The equalities and parallels drawn between the gentlest and vilest of our society justifies the King’s claims on his men: while the King might be culpable of reckless warmongering, the cohesion of this relationship never falters. Only a just cause validates the relationship. Justice issues from solidarity and trust. It is oceanic, and total: resolute, not absolute.

Such a relationship cannot be said to exist under Eichmann or under George W. Bush. Their ruling impeteus is clear: these are the facts, and you shall obey. Can the CIA agents who practiced waterboarding on terror suspects say that every mote has been washed out of his conscience?  Can Obama? By absolving these actors on the basis of their obedience to faulty logic and mystifying legal machinations, Obama has done nothing to restore public and international trust to a diseased system. To revitalize the law, the United States needs to resituate on principles of solidarity, communion and individual culpability. At times, it seems the law is as fragile as it is robust. Those who have committed these crimes need to face justice and those who can effect as much need to stop shielding them with the law.

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What about Hitch?

“Believe me,” Christopher Hitchens implores us. “It’s torture.

He’s talking, of course, about waterboarding. First, the chutzpah. Most of us didn’t need Hitchens to take us glibly aside and explain in grave and serious tones that torture really was torture. ‘I apply the Abraham Lincoln test for moral casuistry: “If slavery is not wrong, nothing is wrong,”’ as Hitchens explains this grotesque tautology. ‘Well, then, if waterboarding does not constitute torture, then there is no such thing as torture.’ We shall ignore the casual self-comparison to Abraham Lincoln and the moral poverty needed to believe that the question was in dispute. After all, waterboarding was declared illegal by American generals fourty years ago in Vietnam. But we shall note that Lincoln never needed to be chained, whipped or raped to realize that slavery is a sinister, evil thing.

Second:  well, more chutzpah, really. Buried in this article is the implied assumption that the question is now settled because the prodigal son has come home and repented. That Hitchens should harness some particular authority with regard to waterboarding now, because he used to think it wasn’t torture. So when he changes his mind, it’s that much more puissant. Although the gleeful chorus of “no kidding, Hitch!” is fun, and it’s always nice to see a noisome bray from the other side come over to your point of view, Hitchens’ mea culpa should be more offensive than refreshing. Guess what? We have loads of testimonies saying that waterboarding is torture.  The only difference is most of them have brown skin.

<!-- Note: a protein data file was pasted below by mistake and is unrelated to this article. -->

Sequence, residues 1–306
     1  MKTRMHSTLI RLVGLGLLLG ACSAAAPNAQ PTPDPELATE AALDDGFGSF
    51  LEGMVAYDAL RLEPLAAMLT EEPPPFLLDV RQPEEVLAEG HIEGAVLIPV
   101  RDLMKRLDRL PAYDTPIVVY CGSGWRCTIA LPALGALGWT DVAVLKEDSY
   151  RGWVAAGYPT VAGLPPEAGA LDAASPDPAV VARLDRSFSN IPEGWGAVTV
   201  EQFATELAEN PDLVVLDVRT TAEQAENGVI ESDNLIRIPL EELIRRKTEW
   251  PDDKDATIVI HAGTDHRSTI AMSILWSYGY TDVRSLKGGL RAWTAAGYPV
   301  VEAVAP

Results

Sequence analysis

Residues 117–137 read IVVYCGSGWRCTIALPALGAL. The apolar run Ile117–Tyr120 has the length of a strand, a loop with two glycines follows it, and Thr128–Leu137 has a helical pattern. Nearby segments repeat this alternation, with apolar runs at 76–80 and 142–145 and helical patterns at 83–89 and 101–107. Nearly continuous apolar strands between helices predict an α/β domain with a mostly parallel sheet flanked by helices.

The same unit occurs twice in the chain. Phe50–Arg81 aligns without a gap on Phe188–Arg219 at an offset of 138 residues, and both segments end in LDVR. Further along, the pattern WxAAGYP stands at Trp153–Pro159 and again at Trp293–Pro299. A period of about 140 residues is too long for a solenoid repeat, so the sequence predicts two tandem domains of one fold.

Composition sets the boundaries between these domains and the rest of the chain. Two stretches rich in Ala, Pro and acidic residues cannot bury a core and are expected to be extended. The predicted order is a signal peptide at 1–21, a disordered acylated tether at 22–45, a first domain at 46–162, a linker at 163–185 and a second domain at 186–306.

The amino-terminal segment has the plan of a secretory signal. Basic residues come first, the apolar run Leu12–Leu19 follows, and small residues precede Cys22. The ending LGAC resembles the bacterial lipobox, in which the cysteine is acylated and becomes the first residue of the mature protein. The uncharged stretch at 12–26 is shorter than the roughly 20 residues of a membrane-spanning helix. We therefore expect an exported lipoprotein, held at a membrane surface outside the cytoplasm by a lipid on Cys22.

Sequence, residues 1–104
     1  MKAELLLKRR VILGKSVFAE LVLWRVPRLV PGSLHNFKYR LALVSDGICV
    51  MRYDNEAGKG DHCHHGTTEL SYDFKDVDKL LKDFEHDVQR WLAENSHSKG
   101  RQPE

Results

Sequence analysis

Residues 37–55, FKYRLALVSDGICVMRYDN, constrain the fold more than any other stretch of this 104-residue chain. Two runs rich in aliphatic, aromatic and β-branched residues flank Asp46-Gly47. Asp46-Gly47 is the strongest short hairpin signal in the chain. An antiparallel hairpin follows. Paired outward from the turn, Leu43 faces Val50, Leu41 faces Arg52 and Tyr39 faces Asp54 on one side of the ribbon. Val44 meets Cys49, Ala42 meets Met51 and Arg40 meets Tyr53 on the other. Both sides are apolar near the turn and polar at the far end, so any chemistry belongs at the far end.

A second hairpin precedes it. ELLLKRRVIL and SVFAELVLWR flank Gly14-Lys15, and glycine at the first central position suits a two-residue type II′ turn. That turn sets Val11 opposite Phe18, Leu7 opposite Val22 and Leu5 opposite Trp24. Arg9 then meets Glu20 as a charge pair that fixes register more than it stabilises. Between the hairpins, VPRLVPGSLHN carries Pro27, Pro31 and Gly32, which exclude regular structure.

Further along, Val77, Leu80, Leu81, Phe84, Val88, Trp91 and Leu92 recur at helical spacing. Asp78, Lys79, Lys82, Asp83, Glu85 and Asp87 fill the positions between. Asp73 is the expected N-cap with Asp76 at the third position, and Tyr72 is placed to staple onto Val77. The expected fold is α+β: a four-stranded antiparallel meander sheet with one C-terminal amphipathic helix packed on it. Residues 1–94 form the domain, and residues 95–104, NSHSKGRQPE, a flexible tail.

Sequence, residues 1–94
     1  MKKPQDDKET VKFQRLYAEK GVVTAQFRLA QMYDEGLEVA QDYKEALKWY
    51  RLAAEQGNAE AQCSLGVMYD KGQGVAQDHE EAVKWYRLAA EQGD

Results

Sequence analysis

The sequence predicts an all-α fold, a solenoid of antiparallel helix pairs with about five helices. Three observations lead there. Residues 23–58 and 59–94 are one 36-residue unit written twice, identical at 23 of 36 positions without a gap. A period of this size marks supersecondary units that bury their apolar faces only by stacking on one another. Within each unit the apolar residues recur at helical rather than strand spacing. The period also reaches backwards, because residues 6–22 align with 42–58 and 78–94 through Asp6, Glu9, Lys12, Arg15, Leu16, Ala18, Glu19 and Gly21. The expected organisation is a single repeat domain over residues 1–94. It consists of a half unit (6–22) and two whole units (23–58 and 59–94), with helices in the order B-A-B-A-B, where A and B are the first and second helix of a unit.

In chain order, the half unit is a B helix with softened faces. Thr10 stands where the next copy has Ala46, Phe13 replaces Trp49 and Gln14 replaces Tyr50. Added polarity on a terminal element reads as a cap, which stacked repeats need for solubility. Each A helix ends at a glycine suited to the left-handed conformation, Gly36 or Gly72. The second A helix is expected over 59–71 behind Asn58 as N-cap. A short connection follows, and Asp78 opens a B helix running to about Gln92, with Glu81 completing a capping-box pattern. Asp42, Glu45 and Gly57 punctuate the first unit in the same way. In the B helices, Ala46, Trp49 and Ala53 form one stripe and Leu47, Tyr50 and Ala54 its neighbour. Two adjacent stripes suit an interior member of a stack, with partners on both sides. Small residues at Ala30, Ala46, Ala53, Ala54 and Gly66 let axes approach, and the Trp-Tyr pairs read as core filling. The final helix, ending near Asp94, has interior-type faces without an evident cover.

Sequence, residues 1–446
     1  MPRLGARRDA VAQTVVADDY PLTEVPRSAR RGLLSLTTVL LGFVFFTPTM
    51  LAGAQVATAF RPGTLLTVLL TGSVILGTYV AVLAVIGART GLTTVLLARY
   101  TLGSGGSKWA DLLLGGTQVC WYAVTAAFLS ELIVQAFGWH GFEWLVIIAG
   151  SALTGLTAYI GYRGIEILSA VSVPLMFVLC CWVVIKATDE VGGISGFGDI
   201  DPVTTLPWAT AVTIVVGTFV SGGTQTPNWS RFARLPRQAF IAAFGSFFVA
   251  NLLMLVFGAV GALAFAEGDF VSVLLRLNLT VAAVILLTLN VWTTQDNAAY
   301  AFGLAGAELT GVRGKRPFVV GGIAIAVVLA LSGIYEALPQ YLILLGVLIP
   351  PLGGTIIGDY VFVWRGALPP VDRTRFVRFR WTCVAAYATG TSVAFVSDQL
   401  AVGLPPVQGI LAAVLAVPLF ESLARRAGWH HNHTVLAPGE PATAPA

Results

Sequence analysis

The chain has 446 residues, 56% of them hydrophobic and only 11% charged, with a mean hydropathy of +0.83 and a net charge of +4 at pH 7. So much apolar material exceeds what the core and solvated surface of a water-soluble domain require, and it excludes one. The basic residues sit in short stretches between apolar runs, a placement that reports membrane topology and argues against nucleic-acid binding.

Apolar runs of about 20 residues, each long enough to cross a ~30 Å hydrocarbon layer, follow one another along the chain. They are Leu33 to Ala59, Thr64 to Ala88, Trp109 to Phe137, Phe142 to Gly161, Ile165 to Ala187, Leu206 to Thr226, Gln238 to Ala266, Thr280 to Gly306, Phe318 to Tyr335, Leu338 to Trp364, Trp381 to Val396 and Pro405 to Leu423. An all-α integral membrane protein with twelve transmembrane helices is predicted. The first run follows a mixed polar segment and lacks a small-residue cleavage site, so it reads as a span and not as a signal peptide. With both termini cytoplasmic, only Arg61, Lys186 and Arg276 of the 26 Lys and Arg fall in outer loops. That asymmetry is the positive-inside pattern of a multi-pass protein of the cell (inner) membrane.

And third is the most odious of all. As skdadl cynically notes on Bread n’ Roses:

What’s next — torture tourism? As we all know, there’s nothing that capitalism can’t co-opt.

“Torture tourism” indeed. Hitchens acknowledges that he ‘could stop the process at any time’ (in the same breath as he assures us that as a coward, he ‘[dies] many times before [his] death’ because he signed an indemnification contract), but motivating his doubtless insatiable desire for the truth is the sense of entitlement and supremacy that underwrites the reasons we torture in the first place.

You may have read by now the official lie about this treatment, which is that it “simulates” the feeling of drowning. This is not the case. You feel that you are drowning because you are drowning.

Perhaps, Hitchens.  But this does not discount the fact that you are simulating torture (although he does distastefully joke that he might have admitted to being a hermaphrodite during his short ordeal). By simulating torture, we follow the logic of Bill Murray in What About Bob? After Richard Dreyfuss, a psychiatrist, asks Bob why he is pretending to have Tourette’s Syndrome, Bob responds: ‘Well, if I fake it—I don’t have it, right?’ Bob—and Christopher HItchens—are quite right.  As long as we have the ability—the power—to submit ourselves to torture, we never have to worry about someone else doing it against our will, however dreadful it feels. Meanwhile, governments in our names are perpetrating real torture against real bodies for nefarious purposes, with no “indeminfication” contracts. And rather than redeem them, Hitchens disgraces these victims on the pages of Vanity Fair because he reduces their pain and suffering into a spectacle for our instruction.

Where is the article in Vanity Fair—I’d even take one written by Hitchens—that visits real waterboarding victims? That visits the prisons they are tortured in? Where is the journalism that exposes the criminal practices of our governments and the inhuman abuse they inflict daily on those they call enemies? Of course, there is none, only the sombre smirk of the great thinker who has changed his mind. “Believe me, it’s torture.” Instead, Hitchens shifts our sympathies from the tragedy of the real victims to his own, puffing up his insufferable ego in the process.